As the roster stands, Steven Adams, Enes Kanter, and Andre Roberson are the best fits next to Westbrook. Adams and Roberson offer elite defensive presences that can be the core of a top tier defensive team. With Roberson on the roster, Westbrook will not have to guard the opposing team’s best perimeter player night-in and night-out. Adams' ability as a paint protector helps to mitigate Westbrook’s tendency to gamble for steals and lack of defensive awareness off the ball. Meanwhile, Kanter and Russ have developed offensive chemistry and their pick-and-rolls almost assure a basket for the Thunder.

However, I will not be playing Sam Presti in this article (because I’m not a basketball genius). For this piece I wanted to breakdown the potential best and worst case scenarios for OKC after handing the keys over to Russ.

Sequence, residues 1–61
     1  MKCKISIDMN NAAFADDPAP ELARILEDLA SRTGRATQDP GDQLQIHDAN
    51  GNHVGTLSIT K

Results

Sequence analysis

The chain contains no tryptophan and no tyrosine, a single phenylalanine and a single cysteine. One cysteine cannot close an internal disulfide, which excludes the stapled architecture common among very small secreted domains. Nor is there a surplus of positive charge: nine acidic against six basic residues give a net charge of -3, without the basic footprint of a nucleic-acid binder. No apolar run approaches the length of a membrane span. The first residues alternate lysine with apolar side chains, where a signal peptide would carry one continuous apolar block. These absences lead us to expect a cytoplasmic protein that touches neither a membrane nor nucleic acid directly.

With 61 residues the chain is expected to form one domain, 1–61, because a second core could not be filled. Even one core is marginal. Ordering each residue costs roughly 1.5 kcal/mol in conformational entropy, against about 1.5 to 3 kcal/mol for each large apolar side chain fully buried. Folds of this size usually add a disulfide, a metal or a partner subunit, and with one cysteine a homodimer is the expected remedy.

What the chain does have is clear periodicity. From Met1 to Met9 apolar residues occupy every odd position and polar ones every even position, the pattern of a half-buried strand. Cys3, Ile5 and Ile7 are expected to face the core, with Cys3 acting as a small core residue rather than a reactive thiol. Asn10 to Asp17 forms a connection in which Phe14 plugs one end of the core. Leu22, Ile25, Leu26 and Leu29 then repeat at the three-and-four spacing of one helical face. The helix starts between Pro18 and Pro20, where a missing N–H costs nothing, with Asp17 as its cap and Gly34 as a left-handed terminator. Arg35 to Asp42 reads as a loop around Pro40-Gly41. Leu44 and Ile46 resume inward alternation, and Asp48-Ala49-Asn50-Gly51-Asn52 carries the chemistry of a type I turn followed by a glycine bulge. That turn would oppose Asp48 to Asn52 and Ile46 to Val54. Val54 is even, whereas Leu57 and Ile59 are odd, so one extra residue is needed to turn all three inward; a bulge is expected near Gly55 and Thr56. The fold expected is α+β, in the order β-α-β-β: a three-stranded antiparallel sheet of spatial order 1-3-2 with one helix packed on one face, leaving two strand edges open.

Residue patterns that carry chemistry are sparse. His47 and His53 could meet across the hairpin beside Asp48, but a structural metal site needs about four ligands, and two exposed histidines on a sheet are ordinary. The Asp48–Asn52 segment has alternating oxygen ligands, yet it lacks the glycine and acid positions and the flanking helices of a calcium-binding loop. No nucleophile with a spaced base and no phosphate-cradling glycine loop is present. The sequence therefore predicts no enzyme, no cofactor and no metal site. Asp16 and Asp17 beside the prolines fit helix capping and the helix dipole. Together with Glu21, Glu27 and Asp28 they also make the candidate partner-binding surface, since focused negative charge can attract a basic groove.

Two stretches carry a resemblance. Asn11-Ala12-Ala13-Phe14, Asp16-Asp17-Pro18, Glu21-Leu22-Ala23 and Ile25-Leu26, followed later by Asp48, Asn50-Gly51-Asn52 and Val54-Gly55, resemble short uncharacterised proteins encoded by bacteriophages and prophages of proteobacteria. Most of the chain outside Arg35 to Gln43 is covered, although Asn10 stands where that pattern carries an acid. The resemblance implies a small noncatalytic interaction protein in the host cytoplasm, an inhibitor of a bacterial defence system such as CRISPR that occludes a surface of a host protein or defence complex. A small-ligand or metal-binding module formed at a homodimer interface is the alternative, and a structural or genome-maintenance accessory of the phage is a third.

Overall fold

There are many case studies to choose from in regards to teams that are led by one superstar.  However, two examples truly stood out above the rest when I began to think about what a team with Westbrook as it’s franchise player would look like. Both players are certified Hall of Famers and have given props to Westbrook’s style of play in the past.


In just his second season in the NBA, Michael Jordan showed the world that he was already one of the best players in the league. Following a rookie season where he averaged 28.2 PPG 6.5 RPG and 5.9 APG, Jordan saw all those numbers dip as he dealt with a nagging foot injury that caused him to miss 64 games. The Bulls would finish eighth overall in the East at 30–52 (9–9 in games Jordan played) and had an impending matchup with the super team Boston Celtics to open the playoffs.

Jordan, a noted fierce competitor, would return to the court in mid-March and was back to his dominant ways by the start of the postseason. He opened with a 49-point performance in the series opener. MJ topped that the very next game as he had 63 points, six assists and five rebounds in Game 2, which prompted Larry Bird to call him God.